## 1. Introduction

Although the synoptic-scale evolution of the typical midlatitude weather system is relatively well forecasted, numerical weather prediction models still have difficulties in forecasting the “mesoscale details” that are of most concern to the typical user of the forecast. It is therefore of great interest to assess the predictability of these mesoscale weather systems, particularly with respect to the amount and spatial distribution of the associated precipitation. The notion of a limit of predictability originated with Lorenz (1969), who suggested that skillful weather forecasts would be limited to a finite lead time even for forecast models and initial conditions of much greater accuracy than presently available. He conjectured that the increasingly rapid error growth would impose an inherent, finite limit to the predictability of the atmosphere, as successive refinements of the initial estimate would yield smaller and smaller increments to the length of a skillful forecast (Lorenz 1969).

Existing demonstrations of the limit of predictability are mostly based on statistical closure models of homogeneous isotropic turbulence (Lorenz 1969; Leith 1971; Leith and Kraichnan 1972; Metais and Lesieur 1986). These closure models indicate, in agreement with simple dimensional arguments (Lorenz 1969; Lilly 1972), that the energy-cascading inertial range of either two- or three-dimensional turbulence has an intrinsic, finite limit of predictability, while the two-dimensional enstrophy-cascading inertial range does not. Direct numerical simulations provide some support for predictability results from closure models in the two-dimensional enstrophy-cascading range (Lilly 1972; Boffetta et al. 1996). The relevance of any of these calculations to the real atmosphere, however, is uncertain, as those scales are characterized not by homogeneous turbulence but by highly intermittent phenomena such as fronts and organized moist convection.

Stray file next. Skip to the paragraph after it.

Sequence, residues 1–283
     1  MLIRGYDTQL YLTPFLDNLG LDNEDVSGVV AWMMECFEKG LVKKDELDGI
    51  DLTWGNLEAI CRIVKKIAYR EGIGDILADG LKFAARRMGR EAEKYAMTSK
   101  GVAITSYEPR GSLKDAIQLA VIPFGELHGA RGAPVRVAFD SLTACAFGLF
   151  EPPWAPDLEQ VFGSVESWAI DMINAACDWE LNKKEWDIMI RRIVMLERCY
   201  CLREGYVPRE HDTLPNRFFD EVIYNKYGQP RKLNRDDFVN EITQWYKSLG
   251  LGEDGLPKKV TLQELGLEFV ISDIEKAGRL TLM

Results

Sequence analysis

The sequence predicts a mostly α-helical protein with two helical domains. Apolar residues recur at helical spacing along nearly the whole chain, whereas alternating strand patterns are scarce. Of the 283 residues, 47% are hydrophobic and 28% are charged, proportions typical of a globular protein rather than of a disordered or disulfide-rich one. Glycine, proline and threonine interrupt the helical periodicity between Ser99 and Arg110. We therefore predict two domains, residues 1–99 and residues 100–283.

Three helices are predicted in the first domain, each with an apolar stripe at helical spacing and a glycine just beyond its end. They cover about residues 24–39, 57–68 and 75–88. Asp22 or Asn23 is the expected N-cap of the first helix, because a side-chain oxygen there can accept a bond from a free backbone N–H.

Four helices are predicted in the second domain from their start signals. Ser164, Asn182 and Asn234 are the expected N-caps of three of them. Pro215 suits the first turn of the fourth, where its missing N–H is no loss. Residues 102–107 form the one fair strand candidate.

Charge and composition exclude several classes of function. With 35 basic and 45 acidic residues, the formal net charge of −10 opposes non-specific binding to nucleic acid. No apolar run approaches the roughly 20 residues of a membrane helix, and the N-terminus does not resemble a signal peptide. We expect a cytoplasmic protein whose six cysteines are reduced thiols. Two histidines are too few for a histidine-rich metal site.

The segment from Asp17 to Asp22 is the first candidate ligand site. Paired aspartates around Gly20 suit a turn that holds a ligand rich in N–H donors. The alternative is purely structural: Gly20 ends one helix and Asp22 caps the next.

It remains an open question for mesoscale weather systems whether the predictability limit is a few tens of hours or several days. The initial results of Anthes et al. (1985) indicated that the mesoscale enjoyed enhanced predictability, but their results were subsequently found to arise from the perfectly known lateral boundary conditions they employed (Errico and Baumhefner 1987; Vukicevic and Errico 1990). None of these studies suggested distinct mechanisms for error growth at meso- or smaller scales. Studies by Pielke et al. (1991) and others have suggested that topography and surface properties may control the development of mesoscale features and thus extend their predictability. However, recent results from Nuss and Miller (2001) suggest that topography can limit the predictability of terrain-induced mesoscale precipitation systems when small synoptic-scale errors are introduced.

Most recently, the authors have explored the growth of small-scale differences in simulations of the “surprise” snowstorm of January 2000 (Zhang et al. 2002, 2003). Integrations of a high-resolution regional numerical weather prediction (NWP) model indicate that moist convection is a primary mechanism for forecast-error growth at sufficiently small scales, and that convective-scale errors contaminate the mesoscale within lead times of interest to NWP, thus effectively limiting the predictability of the mesoscale. In an attempt to generalize these results from a single case study, we further studied the error growth in an idealized baroclinic wave amplifying in a conditionally unstable atmosphere (Tan et al. 2004, hereafter TZRS04). The latter experiments with parameterized moist convection show that without the effects of moisture, there is little error growth in the short-term (0–36 h) forecast error (starting from random noise), even though the basic jet used produces a rapidly [*O*(1 day)] growing synoptic-scale disturbance; when the effect of moisture is included, the error is characterized by upscale growth, similar to that found in our studies of the numerical prediction of the “surprise” snowstorm.